Heather is the Copyright Librarian at George Brown College in downtown Toronto, where she manages the Copyright Office and pens a "highly acclaimed" Copyright column in the College newsletter. Heather works with librarians, faculty, staff, and students across all departments to promote copyright literacy | | within the College community. Prior to her time at George Brown College she practiced law in St. John's.
avatar for Stephen Spong

Stephen Spong

Copyright Services Librarian, Centennial College
Stephen Spong is the Copyright Services Librarian at Centennial College where he is responsible for copyright and accessibility policy development, advocacy and outreach, and licensing. He holds an Masters in Information from the University of Toronto's iSchool and a J.D. from Osgoode Hall Law School. Stephen is a graduate of the Harvard Leadership Institute for Academic Librarians and has demonstrated his dedication to leadership through... Read More →


Thursday May 26, 2016 10:45am - 12:15pm
Imperial Ballroom

12:15pm

Lunch & AGM (12:15 - 12:35)

 A catered lunch with an ABC Copyright Conference AGM. 


Thursday May 26, 2016 12:15pm - 1:30pm
TBA

1:30pm

Taking chances and getting messy: big thinking and copyright outreach

Abstract

As the 2017 review of the Copyright Modernization Act Approaches, and copyright and scholarly communications issues continue to move more and more into the public eye, libraries are posed with the challenge of educating their communities in these areas and developing capacity to engage with and respond to changes in the law. With an attempt to lift the fog that rests around often complicated issues, libraries create seminars, informational, and academically focused events in an attempt to reach communities and make an impact in these content areas. While there is a place for traditional library events, the Scholarly Communications and Copyright Office has found that engaging with target audiences in big and creative ways has lead to higher involvement rates and has brought more media attention to the University and Libraries than in previous efforts. In this past year, we approached this challenge by approaching programming and events in a more involved and innovative way and by taking outreach to a new level that would attract high volume participation while introducing and teaching the UofT community about topics such as open access and copyright.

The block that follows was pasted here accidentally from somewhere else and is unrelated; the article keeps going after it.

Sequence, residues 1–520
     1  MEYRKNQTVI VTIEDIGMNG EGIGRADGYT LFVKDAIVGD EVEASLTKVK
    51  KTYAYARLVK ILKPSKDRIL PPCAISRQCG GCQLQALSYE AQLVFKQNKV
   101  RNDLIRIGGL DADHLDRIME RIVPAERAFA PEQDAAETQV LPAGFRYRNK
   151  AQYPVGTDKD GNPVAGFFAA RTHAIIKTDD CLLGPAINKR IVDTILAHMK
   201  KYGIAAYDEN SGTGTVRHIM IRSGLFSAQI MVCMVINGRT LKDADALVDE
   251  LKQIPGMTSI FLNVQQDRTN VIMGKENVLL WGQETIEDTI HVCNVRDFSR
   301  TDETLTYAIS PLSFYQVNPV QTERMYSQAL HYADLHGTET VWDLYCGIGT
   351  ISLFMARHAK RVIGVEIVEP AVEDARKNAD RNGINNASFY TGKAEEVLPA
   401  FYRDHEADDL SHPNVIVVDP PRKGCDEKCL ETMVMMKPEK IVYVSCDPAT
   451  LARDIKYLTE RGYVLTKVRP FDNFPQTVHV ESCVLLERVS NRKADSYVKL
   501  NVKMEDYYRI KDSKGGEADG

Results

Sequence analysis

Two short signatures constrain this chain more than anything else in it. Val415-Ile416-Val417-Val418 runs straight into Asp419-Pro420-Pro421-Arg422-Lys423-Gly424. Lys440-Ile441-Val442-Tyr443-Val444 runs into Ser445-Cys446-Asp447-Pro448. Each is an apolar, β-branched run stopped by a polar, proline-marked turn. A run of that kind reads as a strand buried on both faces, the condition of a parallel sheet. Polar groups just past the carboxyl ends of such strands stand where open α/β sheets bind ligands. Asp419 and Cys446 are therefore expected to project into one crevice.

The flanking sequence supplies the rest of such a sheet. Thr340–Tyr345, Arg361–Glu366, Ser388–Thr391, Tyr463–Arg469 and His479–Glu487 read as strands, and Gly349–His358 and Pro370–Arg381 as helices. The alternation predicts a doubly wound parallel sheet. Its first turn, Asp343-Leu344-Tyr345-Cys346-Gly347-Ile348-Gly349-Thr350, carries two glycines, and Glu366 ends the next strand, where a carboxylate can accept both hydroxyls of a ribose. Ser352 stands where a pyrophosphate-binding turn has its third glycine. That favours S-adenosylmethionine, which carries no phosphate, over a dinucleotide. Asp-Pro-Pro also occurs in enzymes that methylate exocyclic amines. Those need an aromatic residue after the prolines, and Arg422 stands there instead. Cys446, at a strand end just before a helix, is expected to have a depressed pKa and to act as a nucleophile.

Using the 2015 Open Access Week Alternate Reality Game (ARG) as an example, we will show how applying tested components such as departmental and community partnerships, communication strategies, risk-taking, and creative programming is the recipe for a high impact event that will catch the attention of students, faculty, and the public. By sharing our successes, and failures, of creating an internationally played ARG, we hope to encourage other institutions to creatively approach copyright outreach to reach and impact a broader audience.